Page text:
Accessibility, drugs and metal theft were topics discussed Tuesday night during a forum in which candidates for the Bulloch County sheriff’s seat answered questions about their plans should they be elected.
Incumbent Sheriff Lynn Anderson faced challengers Tommy Sisson and Keith Howard, both of whom are retired Georgia State Patrol troopers, as they each answered questions about their take on important law enforcement issues.
All three agreed that metal theft is one of the most pressing crime problems in Bulloch County.
“We’ve got to have one of the cleanest counties in the state,” Anderson said, referring to the volume of scrap metal reported stolen recently.
New laws making it tougher for people to sell stolen metal to recycling centers will help curb the problem, he said.
Howard and Sisson both agreed that more visibility by law enforcement officers and communication with the public can help deter metal and other thefts.
Accessibility was a hot topic, with Howard saying that issue is what he based his campaign on when he decided to run for the office.
“Bulloch County citizens want to talk to the sheriff,” he said. “We need to go back to the good old days, where the sheriff would ride up to the house and talk to you.”
Sisson said that if he is elected, he will form a community advisory board that will meet monthly and help ensure accessibility.
“I want the community involved,” he said. “I’m going to be a visible sheriff; I’m going to be an accessible sheriff.”
Anderson said accessibility is important, but a sheriff cannot possibly be available at all times for problems that others in his office can handle.
“There are 77,000 people in this county, and I won’t sit here and lie to you and say I can see everybody,” he said. “It takes me two hours to get a can of paint at Lowe’s (because he stops to visit with residents).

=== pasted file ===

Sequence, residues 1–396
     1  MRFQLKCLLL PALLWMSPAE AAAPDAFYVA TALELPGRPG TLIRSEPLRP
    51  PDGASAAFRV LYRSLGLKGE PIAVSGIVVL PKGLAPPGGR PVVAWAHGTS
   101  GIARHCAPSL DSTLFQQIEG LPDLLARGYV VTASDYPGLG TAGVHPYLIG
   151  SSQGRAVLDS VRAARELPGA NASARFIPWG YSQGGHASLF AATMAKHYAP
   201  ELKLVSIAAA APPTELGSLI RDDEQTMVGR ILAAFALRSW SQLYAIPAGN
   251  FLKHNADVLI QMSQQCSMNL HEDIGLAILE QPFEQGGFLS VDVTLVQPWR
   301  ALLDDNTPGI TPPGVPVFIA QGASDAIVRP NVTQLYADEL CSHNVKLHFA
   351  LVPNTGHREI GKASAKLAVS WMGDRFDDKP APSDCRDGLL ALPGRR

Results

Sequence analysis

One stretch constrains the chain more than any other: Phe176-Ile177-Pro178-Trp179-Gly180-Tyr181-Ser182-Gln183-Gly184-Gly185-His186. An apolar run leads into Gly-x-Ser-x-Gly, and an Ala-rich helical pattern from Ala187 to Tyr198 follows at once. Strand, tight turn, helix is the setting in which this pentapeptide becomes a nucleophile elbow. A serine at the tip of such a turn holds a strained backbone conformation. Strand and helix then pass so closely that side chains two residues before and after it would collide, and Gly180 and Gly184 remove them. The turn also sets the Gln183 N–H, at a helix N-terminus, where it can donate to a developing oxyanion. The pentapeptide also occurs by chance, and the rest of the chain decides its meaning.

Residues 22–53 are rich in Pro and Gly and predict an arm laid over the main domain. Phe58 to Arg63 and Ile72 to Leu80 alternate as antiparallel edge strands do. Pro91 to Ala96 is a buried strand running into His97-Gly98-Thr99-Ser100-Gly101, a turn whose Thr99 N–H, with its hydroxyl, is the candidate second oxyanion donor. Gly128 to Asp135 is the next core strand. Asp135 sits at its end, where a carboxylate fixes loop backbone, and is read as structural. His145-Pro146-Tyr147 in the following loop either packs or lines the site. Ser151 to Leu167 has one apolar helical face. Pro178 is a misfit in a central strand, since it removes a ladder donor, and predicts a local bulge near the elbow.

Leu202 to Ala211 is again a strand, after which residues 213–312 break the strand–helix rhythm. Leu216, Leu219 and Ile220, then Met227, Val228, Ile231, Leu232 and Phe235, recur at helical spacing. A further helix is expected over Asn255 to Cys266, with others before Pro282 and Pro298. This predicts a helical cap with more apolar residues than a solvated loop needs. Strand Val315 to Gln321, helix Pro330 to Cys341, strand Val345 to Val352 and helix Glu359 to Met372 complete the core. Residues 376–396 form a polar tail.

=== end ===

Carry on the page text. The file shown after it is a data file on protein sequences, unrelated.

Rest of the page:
“I’ve surrounded myself with some real good people who can answer questions when I can’t,” he continued. “I’m there if you need me. I might not be there at that second, but I’ll get there.”
One question asked candidates about the importance of cooperation between the sheriff’s office and other law enforcement agencies.
“You have got to have cooperation with the police department, with everybody, other county sheriffs, federal, state,” Sisson said. “It is very vital to have cooperation. You’ve all got to work together.”
Anderson said a recent article in the Statesboro Herald regarding a joint investigation into automobile thefts and break-ins by his office and the Statesboro Police Department was an example of the cooperation between agencies.
All officers with Georgia Southern University and Statesboro Police, as well as many others in law-enforcement related agencies, are deputized to allow them to handle situations outside their jurisdiction and help deputies.